The paper presents a modification of the matching and difference-in-differences approach of Heckman et al. (1998) and its Stata implementation, the command flexpaneldid. The approach is particularly useful for causal analysis of treatments with varying start dates and varying treatment durations (like investment grants or other subsidy schemes). Introducing more flexibility enables the user to consider individual treatment and outcome periods for the treated observations. The flexpaneldid command for panel data implements the developed flexible difference-in-differences approach and commonly used alternatives like CEM Matching and difference-in-differences models. The novelty of this tool is an extensive data preprocessing to include time information into the matching approach and the treatment effect estimation. The core of the paper gives two comprehensive examples to explain the use of flexpaneldid and its options on the basis of a publicly accessible data set.
Evidenzbasierte Politikberatung (IWH-CEP)
Zentrum für evidenzbasierte Politikberatung (IWH-CEP) ...
Europas Finanzmarkt: Zwangsehe oder lose Bekanntschaft? IWH-Tagung am 26.02.2020: Gebietsreformen und Banken,...
The Joint Dynamics of Sovereign Ratings and Government Bond Yields
Journal of Banking & Finance,
Can a negative shock to sovereign ratings invoke a vicious cycle of increasing government bond yields and further downgrades, ultimately pushing a country toward default? The narratives of public and political discussions, as well as of some widely cited papers, suggest this possibility. In this paper, we will investigate the possible existence of such a vicious cycle. We find no evidence of a bad long-run equilibrium and cannot confirm a feedback loop leading into default as a transitory state for all but the very worst ratings. We use a bivariate semiparametric dynamic panel model to reproduce the joint dynamics of sovereign ratings and government bond yields. The individual equations resemble Pesaran-type cointegration models, which allow for valid interference regardless of whether the employed variables display unit-root behavior. To incorporate most of the empirical features previously documented (separately) in the literature, we allow for different long-run relationships in both equations, nonlinearities in the level effects of ratings, and asymmetric effects in changes of ratings and yields. Our finding of a single good equilibrium implies the slow convergence of ratings and yields toward this equilibrium. However, the persistence of ratings is sufficiently high that a rating shock can have substantial costs if it occurs at a highly speculative rating or lower. Rating shocks that drive the rating below this threshold can increase the interest rate sharply, and for a long time. Yet, simulation studies based on our estimations show that it is highly improbable that rating agencies can be made responsible for the most dramatic spikes in interest rates.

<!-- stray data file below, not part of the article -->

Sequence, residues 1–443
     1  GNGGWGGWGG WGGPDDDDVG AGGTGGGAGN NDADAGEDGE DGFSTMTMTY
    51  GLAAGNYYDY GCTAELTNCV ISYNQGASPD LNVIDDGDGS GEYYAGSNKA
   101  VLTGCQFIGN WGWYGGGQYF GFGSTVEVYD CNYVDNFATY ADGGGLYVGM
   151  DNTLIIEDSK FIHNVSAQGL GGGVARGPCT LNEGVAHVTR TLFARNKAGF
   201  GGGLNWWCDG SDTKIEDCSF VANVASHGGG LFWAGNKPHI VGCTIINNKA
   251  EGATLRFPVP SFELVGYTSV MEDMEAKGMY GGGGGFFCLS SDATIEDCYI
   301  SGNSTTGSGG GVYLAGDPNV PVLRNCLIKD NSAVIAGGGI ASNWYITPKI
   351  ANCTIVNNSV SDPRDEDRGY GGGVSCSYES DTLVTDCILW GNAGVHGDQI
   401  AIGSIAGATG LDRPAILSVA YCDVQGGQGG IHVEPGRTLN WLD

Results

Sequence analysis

Do Diasporas Affect Regional Knowledge Transfer within Host Countries? A Panel Analysis of German R&D Collaborations
Interactive regional learning involving various actors is considered a precondition for successful innovations and, hence, for regional development. Diasporas as non-native ethnic groups are regarded as beneficial since they enrich the creative class by broadening the cultural base and introducing new routines. Using data on research and development (R&D) collaboration projects, the analysis provides tentative evidence that the size of diasporas positively affects the region’s share of outward R&D linkages enabling the exchange of knowledge. The empirical analysis further confirms that these interactions mainly occur between regions hosting the same diasporas, pointing to a positive effect of ethnic proximity rather than ethnic diversity.